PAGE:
The train option : a 2-days trip, approximatively 350 euros all included but the meals. The car option : a 1-day trip, approx. 100 euros, gasoline & toll included. Therefore, the choice is easy. Car wins, unfortunately for the planet.
Now the trip to Amsterdam. Driving is not an option, so the question is : train or airplane ? Train : the last Thalys to Amsterdam departs from Paris at 6:25PM, meaning that I would have to leave the Broadband Summit at Odebit at something like 5:00PM. No way, since the wrap-up session will be held by a key member of the French Government. Therefore, option B wins : I'll fly from Paris to Amsterdam. I am so sorry, again, Mother Earth.
The conclusion is, you may be the most proactive proponent of the fight against climate changes (which I'm not. This guy is, for sure ;-), your agenda sometimes forces you to break the rules.
The lesson for me : it's time to compensate my carbon emissions. See my total CO2 footprint to date here on Dopplr. How much is yours ?
French entrepreneur Jean-Michel Planche recently launched internetforeveryone.fr, a new initiative aimed at promoting an open, neutral and free Internet for everyone (french-speaking volunteers : feel free to join here). Of course, this initiative is the french equivalent of the well-known and pro-active internetforeveryone.org which focus on the US.
Beside all the sociological and ethical aspects, which are fundamentaly the most important ones, hence our priority number one, there's all the technological stuff to be adressed. From the very roots of the Internet (i.e. the IP protocol, Ethernet, etc.) to the less high-level kind of matters such as fiber networks installation and maintenance, we must to re-invent the whole thing.
With for some, like network construction, a pretty deep impact on Social : building Fiber-To-Every-Home networks will require tens of thousands of workers - meaning will create tens of thousands of jobs (100,000 in France alone for the next 5 years, shall the telcos push the ignition button). Just like the construction of railroads in the 19th Century gave jobs to thousands of emigrants and locals in North America ***.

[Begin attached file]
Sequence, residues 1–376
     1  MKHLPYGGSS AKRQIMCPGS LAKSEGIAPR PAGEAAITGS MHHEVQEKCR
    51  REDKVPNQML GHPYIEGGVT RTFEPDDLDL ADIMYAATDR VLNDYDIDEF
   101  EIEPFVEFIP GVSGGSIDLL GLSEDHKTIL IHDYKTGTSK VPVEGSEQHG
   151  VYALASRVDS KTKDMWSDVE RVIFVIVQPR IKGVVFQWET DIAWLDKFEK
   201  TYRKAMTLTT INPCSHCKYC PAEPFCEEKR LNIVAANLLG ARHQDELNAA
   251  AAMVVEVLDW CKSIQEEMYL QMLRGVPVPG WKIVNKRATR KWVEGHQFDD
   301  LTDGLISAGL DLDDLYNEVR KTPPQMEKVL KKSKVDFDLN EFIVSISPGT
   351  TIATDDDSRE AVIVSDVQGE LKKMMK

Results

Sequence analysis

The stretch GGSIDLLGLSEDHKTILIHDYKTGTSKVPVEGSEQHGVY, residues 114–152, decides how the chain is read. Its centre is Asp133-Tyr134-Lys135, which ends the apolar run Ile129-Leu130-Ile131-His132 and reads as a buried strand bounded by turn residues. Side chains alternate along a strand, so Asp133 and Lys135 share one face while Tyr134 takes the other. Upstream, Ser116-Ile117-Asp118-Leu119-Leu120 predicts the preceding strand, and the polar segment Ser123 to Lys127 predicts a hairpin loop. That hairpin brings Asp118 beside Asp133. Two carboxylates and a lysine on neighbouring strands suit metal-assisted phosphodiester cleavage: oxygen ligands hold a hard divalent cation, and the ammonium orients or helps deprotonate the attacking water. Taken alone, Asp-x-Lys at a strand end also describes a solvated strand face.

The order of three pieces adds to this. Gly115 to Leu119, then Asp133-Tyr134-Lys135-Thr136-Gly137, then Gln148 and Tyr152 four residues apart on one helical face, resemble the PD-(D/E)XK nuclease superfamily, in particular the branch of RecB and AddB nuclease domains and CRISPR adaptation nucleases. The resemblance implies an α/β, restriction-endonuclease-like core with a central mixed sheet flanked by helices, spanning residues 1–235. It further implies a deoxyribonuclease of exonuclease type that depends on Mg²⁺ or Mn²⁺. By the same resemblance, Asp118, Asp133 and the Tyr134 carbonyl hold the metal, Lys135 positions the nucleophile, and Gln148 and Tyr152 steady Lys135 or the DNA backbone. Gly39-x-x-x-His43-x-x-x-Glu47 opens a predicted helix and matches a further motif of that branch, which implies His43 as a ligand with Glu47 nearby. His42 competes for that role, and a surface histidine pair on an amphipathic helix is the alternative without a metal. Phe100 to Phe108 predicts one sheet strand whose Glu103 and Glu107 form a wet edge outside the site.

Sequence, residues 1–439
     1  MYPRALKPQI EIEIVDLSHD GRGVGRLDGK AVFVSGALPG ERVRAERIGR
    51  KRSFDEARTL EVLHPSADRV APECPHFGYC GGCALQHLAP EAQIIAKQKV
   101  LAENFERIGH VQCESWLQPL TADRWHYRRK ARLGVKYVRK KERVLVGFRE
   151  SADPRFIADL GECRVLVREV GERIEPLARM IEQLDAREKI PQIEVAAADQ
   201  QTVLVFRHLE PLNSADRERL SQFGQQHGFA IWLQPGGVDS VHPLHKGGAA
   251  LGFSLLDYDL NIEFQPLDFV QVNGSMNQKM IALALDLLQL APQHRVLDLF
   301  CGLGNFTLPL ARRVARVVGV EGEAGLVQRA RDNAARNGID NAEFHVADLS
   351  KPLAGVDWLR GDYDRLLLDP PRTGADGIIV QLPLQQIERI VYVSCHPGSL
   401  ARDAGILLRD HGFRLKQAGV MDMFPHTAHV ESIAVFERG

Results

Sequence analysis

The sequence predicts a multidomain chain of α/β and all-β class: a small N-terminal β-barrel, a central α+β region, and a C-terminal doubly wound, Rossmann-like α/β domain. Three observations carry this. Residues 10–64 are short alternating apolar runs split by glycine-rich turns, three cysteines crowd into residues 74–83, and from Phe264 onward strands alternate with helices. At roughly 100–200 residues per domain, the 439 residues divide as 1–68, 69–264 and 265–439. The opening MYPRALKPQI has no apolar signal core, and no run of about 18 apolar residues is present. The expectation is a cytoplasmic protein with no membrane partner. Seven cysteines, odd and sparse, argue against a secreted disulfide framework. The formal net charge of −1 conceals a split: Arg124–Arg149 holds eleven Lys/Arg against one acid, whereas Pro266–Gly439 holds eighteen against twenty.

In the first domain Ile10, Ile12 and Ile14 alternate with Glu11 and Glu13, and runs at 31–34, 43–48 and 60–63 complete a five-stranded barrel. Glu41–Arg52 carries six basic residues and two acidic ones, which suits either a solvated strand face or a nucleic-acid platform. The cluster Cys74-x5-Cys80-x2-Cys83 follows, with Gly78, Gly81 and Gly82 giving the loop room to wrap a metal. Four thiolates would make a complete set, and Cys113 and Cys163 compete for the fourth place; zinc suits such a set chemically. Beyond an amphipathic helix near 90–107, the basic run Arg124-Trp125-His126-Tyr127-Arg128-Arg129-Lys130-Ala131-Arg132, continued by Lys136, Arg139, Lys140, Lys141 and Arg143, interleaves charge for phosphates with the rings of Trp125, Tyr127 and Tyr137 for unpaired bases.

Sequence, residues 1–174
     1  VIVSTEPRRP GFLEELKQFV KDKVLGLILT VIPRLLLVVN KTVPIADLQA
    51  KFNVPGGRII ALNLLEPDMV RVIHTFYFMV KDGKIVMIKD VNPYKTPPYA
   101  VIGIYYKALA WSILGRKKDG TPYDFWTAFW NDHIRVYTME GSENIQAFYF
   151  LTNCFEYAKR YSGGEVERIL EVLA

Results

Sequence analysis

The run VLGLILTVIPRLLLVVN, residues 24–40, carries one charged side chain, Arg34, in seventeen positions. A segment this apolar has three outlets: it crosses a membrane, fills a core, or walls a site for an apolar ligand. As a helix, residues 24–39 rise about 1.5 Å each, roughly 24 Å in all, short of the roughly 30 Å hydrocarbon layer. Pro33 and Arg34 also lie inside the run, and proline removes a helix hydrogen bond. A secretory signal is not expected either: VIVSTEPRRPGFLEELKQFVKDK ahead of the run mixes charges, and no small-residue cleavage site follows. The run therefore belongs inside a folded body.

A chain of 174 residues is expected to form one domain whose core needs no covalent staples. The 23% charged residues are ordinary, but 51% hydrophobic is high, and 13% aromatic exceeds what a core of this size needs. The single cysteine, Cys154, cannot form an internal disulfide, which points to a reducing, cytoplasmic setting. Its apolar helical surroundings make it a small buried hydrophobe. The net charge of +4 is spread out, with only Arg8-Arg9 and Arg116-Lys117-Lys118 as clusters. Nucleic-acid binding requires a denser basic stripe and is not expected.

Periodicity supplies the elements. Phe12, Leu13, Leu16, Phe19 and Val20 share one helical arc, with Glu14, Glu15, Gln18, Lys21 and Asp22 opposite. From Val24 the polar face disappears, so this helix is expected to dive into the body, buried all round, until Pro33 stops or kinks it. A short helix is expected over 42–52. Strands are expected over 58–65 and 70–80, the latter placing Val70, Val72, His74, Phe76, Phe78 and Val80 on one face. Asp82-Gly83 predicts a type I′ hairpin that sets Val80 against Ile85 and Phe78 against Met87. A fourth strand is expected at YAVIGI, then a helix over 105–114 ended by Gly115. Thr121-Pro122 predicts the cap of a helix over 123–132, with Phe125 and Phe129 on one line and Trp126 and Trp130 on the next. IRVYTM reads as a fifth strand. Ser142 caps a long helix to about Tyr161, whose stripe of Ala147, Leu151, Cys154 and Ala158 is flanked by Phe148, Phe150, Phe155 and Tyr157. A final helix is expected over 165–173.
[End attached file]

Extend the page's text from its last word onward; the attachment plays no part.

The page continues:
That's what makes Jean-Michel' s initiative so exciting - and challenging. For once, we can be part of a World-Changing project.
Now, why now ? Why is it mandatory to * re-invent * the Internet, as opposed to enhance/upgrade/patch the existing infrastructures, protocols, topologies, etc. ?
Then, read this interesting news by VentureBeat, dated July 23d and titled "Hackers begin to exploit a critical Internet flaw". I'm no Networking (the technical sense ;-) specialist, but I know what a DNS server is (thanks to my early days with HP). So, if this news is true, I understand the potential danger of such flaw. Here's the extract of the article that will help you novices to understand too :
The bug is in the Domain Name System, or DNS, which is the system for translating the locations of network computers into Internet addresses. The flaw is in the design of the DNS protocol itself and is thus not limited to any single product that uses it. If someone hijacks a DNS server, they can redirect an unsuspecting Internet surfer to a malicious web site. A hacker targeting an Internet Service Provider, or ISP, could replace the entire Web (as accessible through that ISP) — search engines, social networks, banks — with their own malicious content. DNS is used by every computer on the Internet to know where to find other computers. Those attacking corporations could reroute network traffic and capture emails and other sensitive business data.
Don't you think it's time to think again ?
*** you may call me an utopist or a fool. Then, ask yourself the question : what is the REAL reason for all those FTTH nets' construction delays ? Answer is simple : lack of (skilled) resources.
Le Tour de France will make its annual stop here in Pau next week. The city is readying for the big show, with signs, ads, and welcome events popping up everywhere. In the meantime, the new release of the blockbuster "Pro Cycling Manager" game is on the shelves.
Among the key features of this 2008 version, there's one which rings a bell to me :
" Play in single and/or multi-player mode (allows up to 20 players over the Internet or via LAN). "
Imagine the benefits of FTTH Fiber-To-The-Home for such a game : no more players number' s limitation, so that you could be part of a *real* 200+ racers' peloton, even better graphics, and a faster speed of reaction for you to counterattack your rivals...
FTTH does offer many other possibilities to practice sports like Cycling or Skiing. For instance, imagine home-trainers connected to the Internet, simulating a real competition between cyclists for their indoor training during winter...
Shall you be a game developer loving Sports (e.g. Cycling, Tennis, Ski, Rafting, etc.), please feel free to drop me a line : Pau is the place you should be.
Yesterday in Mortain, a beautiful small town a few miles away from the Mont St Michel,was the 3d Ultra-Broadband Conference, held by the french optical cable manufacturer ACOME.